Submitted by Staci R Norman on
On Sat, 25 Feb 2023, the UT Programming Team competed in the ICPC South Central USA Regional Competition. As a result, one team will advance to the ICPC North America Division Championships on Mon, 29 May 2023.
The competition consisted of 35+ teams from Louisiana, Oklahoma, and Texas. UT Austin's top team came in 1st (Aaryan Prakash, Caleb Hu, Mark Wen), solving 10 of the 13 problems. All six of our teams finished in the top eight!
UT has been competing in the regionals since 1997. UT went to the 2016-17 world finals in South Dakota, the 2017-18 world finals in Beijing, the 2018-19 world finals in Portugal, and the 2019-20 world finals in Moscow. Last year's team will compete at the 2021-22 world finals in Sharm El-Sheikh this fall. UT has seen marked improvement since creating a new elective, CS104c: Competitive Programming, taught by the faculty coaches Etienne Vouga and Glenn Downing and the student officers of the UT Programming Contest.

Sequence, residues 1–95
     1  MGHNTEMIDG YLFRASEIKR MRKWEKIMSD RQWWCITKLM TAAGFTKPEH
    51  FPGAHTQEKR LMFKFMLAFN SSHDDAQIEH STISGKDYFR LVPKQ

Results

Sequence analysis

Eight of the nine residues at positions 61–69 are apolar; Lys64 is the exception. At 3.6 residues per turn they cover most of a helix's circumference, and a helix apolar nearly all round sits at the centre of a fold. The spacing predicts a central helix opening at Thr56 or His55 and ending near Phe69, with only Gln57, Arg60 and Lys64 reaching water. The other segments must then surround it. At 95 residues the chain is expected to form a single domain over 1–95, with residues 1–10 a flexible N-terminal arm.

The ICPC traced its roots to 1970 when pioneers of the Alpha Chapter of the UPE Computer Science Honor Society hosted the first competition. The initiative spread quickly within the United States and Canada as an innovative program to increase the ambition, problem-solving aptitude, and opportunities of the strongest students in the field of computing.
Over time, the contest evolved into a multi-tier competition, with the first championship round conducted in 1977. Since then, the tournament has expanded into a worldwide collaboration of universities hosting regional competitions that advance teams to the annual global championship, the ICPC World Finals.
The International Collegiate Programming Contest (ICPC) is the premier global programming competition conducted by and for the world's universities. The ICPC is part of the ICPC Foundation.
The contest fosters creativity, teamwork, and innovation in building new software programs and enables students to test their ability to perform under pressure. The tournament has raised the aspirations and performance of generations of the world's problem solvers in the computing sciences and engineering.